“Hell or High Water” came out in August last year and the previews made it look like a celebration of stupidity and bad behavior. So I was not motivated to see it in the theater.
But then, the Santa Fe New Mexican gave it four chilies (out of a possible four!) And then a friend I highly respect suggested I had really missed something, by not seeing it. Then it got nominated for four Oscars, including Best Picture and Best Original Screenplay. So, I checked on Netflix and it is now out on DVD. So I gave in and watched it at home. I was pleasantly surprised to like this Oscar nominee.
In this era of a perceived rural and working class uprising, this is a film that gets at some core economic issues, especially those facing rural, agrarian communities.
‘Hell or High Water’ Courtesy image
The story takes place in West Texas (though it was all filmed in New Mexico.) The main characters are two brothers anxious to keep the family ranch in the family.
They plan to hit several small town banks to raise the money to pay off the lien on the ranch. Despite these violent crimes, there appears to be no love lost in these small Texas towns for their victimized local banks. The movie portrays a new age for the great American Outlaw, where criminals are celebrated as folk heroes.
Chris Pine (Star Trek) plays Toby Howard, the younger brother, less violent and wiser than his ex-con brother Tanner, played by Ben Foster (Zobrist in Inferno). Their mother has died after a prolonged illness. Their father was killed in a “hunting accident” in the family barn—apparently the cause of Tanner’s ten-year tenure in prison.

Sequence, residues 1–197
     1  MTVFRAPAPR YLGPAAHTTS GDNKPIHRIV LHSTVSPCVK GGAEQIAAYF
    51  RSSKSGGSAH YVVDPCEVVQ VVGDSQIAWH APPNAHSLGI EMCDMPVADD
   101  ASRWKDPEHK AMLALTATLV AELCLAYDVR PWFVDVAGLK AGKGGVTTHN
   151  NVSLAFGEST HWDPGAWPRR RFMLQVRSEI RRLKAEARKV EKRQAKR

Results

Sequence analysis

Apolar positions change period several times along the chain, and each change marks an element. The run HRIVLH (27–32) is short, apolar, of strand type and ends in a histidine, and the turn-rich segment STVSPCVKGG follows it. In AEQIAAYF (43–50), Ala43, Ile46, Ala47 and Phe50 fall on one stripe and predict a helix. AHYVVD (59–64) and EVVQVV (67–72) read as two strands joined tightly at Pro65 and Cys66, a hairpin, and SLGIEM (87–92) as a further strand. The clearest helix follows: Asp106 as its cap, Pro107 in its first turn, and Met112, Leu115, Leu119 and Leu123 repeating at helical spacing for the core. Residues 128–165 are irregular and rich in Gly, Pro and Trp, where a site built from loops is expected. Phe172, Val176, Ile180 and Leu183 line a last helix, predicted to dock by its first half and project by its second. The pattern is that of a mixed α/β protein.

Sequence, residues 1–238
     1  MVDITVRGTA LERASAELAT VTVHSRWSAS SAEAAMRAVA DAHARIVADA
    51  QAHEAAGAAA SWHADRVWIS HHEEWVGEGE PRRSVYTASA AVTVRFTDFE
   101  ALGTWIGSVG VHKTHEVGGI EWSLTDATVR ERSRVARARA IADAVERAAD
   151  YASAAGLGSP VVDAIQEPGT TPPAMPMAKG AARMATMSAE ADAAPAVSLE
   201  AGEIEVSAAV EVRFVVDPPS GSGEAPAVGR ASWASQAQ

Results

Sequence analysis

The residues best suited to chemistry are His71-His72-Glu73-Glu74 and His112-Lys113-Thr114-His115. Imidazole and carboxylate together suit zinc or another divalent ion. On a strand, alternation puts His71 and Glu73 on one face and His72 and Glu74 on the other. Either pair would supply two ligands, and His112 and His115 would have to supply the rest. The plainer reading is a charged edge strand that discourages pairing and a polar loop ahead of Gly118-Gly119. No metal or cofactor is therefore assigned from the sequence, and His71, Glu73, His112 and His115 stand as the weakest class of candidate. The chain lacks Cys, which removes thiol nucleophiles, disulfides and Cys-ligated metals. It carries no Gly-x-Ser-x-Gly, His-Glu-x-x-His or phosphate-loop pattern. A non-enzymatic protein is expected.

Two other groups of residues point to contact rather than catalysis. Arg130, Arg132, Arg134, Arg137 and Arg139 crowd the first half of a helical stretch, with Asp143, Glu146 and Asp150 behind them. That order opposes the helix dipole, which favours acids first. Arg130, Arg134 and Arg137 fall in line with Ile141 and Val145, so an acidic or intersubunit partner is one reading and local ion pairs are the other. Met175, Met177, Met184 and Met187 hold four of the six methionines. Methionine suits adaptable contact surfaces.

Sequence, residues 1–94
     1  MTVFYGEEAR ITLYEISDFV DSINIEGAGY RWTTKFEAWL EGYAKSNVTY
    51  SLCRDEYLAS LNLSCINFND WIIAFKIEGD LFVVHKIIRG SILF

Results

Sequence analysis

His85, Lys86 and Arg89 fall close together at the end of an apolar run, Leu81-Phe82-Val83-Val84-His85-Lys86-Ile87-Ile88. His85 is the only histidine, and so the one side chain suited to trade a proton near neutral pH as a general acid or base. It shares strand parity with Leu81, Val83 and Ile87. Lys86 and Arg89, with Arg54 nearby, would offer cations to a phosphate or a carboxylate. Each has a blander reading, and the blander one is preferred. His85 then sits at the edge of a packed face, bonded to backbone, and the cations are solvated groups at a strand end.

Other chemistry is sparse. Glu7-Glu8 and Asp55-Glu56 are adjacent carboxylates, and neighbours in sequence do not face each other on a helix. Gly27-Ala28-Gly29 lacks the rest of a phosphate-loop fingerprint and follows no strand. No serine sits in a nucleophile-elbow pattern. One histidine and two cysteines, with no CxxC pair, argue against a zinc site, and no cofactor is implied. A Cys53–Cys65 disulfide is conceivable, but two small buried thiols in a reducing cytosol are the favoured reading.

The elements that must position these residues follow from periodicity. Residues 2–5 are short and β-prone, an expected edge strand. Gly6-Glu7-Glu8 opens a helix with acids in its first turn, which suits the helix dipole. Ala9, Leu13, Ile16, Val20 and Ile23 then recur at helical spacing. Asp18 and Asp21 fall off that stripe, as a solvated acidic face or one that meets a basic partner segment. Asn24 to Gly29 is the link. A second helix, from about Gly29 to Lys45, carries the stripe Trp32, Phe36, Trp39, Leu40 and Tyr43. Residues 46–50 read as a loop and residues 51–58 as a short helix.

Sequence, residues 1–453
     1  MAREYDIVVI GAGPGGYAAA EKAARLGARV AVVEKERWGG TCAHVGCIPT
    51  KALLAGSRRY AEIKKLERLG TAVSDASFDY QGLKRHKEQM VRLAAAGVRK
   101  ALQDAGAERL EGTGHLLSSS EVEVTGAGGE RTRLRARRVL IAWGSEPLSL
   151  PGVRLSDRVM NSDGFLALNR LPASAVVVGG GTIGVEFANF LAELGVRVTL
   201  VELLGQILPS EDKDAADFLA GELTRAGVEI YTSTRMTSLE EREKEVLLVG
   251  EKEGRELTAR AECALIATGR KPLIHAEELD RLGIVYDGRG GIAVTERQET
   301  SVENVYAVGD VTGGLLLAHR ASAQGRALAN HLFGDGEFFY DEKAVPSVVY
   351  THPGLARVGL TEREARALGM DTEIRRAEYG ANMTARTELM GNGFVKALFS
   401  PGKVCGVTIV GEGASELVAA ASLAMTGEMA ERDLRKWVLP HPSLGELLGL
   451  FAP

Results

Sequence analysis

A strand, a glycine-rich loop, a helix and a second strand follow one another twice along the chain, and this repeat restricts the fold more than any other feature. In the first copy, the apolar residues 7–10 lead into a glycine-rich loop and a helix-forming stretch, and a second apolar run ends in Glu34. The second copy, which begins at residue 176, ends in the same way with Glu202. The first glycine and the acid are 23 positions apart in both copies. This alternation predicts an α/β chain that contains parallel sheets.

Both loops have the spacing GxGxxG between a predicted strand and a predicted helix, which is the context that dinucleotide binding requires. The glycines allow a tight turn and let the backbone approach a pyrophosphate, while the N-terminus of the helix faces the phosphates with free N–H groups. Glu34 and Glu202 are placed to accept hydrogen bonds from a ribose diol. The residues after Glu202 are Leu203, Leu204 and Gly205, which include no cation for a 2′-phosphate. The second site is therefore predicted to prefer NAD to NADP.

Oil has been found on the property and the brothers intend to pay off the bank so the land can stay in the family. Toby plans to put the ranch in a trust for his two teenage sons who live with his ex-wife, Debbie (Marin Ireland). Other than the nobility of his purpose, crime will be the means to Toby’s goal.
Jeff Bridges has been nominated for his role in the film as Texas Ranger Marcus Hamilton, just a few days shy of retirement from the force. His partner Texas Ranger, Alberto Parker (Gil Birmingham), is part Comanche and part Mexican, making him the butt of Hamilton’s rough teasing. The two of them arrive in West Texas from Lubbock, tasked with figuring out this series of bank robberies.
The script of Hell or High Water is tight and well balanced. Despite the bleak life portrayed in the region, the script injects humor where it is needed to make the story rise above. An example is the following, when Marcus interviews a bank teller:
Marcus Hamilton: “I know their faces was covered, but could you tell their race? Black, white?”